Mental Health Nurses a vital part in police crisis response
Article by Adjunct Associate Professor Kim Ryan, CEO, the Australian College of Mental Health Nurses
The NSW Police Force recently announced a plan to have a trained mental health nurse ride along with police to every mental health-related incident.
Times of crisis are stressful for everyone involved and all attempts to reduce the stress and trauma surrounding mental health crisis points need to be welcomed, they also need be well resourced. Involving mental health nurses in an initial response, along with mental health trained police officers, has the potential to improve outcomes across the board: for the consumer and their family, the police, as well as health and emergency services
The NSW plan is similar to the Police, Ambulance and Clinical Early Response (PACER) program run in Victoria. The PACER pilot program first operated in Victoria 2007 and was restabilised in 2013. This program is a formal partnership strengthening collaboration between mental health services, the Crisis Assessment and Treatment (CAT) teams, and ambulance services and police, with the view to more effectively address the needs of a person experiencing a mental health crisis.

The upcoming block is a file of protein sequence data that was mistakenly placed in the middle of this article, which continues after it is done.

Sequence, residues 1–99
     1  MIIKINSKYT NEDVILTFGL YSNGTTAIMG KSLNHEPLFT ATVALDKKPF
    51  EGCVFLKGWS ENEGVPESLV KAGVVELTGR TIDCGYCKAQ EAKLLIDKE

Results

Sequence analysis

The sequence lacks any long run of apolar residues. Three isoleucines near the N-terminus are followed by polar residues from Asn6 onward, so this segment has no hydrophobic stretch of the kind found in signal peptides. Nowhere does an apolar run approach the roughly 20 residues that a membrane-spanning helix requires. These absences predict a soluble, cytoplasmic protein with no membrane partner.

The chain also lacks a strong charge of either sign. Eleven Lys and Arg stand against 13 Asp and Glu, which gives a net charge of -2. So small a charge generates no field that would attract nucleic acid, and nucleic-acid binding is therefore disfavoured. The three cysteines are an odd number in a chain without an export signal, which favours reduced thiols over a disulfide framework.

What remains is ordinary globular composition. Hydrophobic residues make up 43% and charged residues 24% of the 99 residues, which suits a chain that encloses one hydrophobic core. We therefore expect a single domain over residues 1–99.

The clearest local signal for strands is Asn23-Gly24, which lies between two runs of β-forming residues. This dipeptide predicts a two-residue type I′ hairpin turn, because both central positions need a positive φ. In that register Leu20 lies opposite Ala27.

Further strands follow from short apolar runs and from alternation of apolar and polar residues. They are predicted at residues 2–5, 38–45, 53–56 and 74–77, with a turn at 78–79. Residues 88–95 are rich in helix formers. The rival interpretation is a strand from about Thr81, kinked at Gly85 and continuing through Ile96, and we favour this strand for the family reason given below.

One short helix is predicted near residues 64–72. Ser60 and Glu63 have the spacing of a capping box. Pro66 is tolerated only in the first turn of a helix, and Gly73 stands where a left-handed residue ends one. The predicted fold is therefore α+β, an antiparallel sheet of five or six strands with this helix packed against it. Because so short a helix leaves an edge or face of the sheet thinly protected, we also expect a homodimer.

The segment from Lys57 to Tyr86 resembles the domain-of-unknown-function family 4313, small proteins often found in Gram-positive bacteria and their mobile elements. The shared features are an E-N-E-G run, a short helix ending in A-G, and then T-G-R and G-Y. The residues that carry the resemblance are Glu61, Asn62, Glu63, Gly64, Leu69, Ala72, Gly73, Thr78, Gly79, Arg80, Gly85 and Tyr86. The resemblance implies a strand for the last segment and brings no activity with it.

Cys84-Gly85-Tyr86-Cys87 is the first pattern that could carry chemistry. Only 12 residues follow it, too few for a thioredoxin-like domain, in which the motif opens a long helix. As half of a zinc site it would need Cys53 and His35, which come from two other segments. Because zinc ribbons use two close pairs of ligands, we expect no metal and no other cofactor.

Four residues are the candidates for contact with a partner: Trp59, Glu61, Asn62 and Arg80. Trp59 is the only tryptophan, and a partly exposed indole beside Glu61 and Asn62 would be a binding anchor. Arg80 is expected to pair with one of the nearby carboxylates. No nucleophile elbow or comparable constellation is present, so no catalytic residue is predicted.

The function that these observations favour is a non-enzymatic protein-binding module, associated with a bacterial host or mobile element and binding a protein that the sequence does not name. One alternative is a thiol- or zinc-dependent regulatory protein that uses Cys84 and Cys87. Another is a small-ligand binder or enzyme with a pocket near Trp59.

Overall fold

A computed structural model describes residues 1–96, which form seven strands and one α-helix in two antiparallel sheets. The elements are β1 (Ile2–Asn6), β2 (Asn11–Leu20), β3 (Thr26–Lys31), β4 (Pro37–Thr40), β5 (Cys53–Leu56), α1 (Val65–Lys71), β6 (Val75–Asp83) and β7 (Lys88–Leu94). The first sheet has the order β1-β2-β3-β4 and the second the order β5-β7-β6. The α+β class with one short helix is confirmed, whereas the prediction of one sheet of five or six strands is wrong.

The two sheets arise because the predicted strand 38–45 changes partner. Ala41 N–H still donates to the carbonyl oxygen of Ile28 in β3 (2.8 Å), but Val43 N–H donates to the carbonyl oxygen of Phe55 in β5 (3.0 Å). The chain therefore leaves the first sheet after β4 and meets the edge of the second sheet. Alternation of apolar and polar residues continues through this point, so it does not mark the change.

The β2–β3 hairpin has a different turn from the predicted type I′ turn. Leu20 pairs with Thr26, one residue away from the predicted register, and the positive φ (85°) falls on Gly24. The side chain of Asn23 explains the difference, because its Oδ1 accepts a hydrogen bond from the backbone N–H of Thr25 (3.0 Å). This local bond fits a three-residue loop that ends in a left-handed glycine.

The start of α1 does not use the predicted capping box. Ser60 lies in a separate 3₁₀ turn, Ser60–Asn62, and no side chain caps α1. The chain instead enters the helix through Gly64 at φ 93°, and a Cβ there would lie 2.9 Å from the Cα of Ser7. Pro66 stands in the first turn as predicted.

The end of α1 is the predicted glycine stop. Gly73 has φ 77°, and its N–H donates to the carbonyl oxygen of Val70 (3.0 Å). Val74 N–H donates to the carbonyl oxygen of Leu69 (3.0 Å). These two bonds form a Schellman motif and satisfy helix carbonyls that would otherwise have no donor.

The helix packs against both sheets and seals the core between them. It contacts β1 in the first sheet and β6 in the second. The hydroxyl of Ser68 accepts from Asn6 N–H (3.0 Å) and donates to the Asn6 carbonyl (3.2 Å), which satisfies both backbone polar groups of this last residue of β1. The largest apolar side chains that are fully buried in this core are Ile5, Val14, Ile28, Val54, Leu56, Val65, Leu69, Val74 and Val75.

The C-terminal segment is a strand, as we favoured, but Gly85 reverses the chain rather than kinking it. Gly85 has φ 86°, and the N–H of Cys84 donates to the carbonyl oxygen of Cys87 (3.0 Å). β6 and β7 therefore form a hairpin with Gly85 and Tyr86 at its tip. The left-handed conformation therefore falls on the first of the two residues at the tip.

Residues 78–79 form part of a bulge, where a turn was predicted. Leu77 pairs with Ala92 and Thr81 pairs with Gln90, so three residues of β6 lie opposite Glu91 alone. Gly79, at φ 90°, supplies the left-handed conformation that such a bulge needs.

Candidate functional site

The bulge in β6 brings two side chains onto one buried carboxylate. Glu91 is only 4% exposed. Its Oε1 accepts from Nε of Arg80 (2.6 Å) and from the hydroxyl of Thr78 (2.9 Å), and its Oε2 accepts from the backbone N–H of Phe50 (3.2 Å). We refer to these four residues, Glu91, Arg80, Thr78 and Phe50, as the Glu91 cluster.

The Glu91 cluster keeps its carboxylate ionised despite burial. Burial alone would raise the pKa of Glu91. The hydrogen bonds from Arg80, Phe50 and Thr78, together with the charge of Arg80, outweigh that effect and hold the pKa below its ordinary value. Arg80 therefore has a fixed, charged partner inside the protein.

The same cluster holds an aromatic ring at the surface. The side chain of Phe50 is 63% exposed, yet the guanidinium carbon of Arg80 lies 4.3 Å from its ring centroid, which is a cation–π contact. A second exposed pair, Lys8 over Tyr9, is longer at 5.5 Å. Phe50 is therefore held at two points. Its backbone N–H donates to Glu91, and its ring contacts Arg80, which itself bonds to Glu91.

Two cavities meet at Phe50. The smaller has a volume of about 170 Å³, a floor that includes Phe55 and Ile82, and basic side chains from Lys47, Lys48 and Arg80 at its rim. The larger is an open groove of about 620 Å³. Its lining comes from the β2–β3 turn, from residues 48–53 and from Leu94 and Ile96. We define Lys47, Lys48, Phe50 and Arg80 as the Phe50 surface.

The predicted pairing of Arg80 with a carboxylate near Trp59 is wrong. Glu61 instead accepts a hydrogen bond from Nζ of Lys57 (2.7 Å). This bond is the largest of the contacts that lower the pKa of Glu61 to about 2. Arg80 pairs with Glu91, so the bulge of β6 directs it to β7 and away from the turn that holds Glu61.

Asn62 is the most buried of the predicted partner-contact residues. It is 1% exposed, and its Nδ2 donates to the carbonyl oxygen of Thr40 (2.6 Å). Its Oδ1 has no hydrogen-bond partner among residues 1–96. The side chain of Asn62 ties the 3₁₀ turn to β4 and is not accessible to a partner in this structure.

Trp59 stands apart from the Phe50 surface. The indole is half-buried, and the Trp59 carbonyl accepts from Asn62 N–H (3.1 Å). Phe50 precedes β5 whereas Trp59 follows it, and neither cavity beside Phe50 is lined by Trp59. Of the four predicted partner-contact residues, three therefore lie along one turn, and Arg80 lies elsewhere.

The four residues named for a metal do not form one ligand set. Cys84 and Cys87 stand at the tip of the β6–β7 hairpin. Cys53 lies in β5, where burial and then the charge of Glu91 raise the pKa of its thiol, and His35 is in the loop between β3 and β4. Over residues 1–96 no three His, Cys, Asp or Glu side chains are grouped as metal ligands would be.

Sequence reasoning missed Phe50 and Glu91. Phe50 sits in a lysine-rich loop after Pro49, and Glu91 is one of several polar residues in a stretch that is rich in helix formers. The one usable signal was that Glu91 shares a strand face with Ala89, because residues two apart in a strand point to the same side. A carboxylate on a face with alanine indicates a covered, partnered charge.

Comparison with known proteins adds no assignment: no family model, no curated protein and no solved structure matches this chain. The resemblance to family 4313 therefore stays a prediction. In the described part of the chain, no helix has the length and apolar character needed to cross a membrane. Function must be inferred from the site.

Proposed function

A report published by Victorian Health Department found that ‘Presentations in the PACER area had a shorter length of stay in the emergency department, an average of approximately four hours, compared to presentations resulting from usual service provision…of approximately six hours.’ . Anecdotally, the PACER model in Victoria has been well received by consumers and carers. And, as I write this, The Alfred Psychiatry Department and Bayside Medicare Local has won an award at the TheMHS conference in Canberra for A-PACER (Alfred Police and Clinical Early Response) in the area of assessment and or treatment program or service. Congratulations to all involved.
I am sure there are many lessons NSW can learn from the Victorian experience and the Australian College of Mental Health Nurses would be happy to provide any support or assistance to NSW Police in the design and roll out of their program.
Mr Tim Brown and Mrs Karen Bourke-Finn from Barwon Health, a partner in the Victorian program, will be presenting on the PACER Program at the upcoming ACMHN 2015 conference in Brisbane on 7 – 9 October 2015. The presentation by Barwon Health on the Wednesday of ACMHN 2015, along with the collaborative panel discussion with Emergency Nurses on the Friday, will provide a great opportunity to explore how programs like PACER can improve responses to mental health crises. The ACMHN will be happy to report back to NSW Police with any feedback from the conference that may help inform the implementation of their proposal.’
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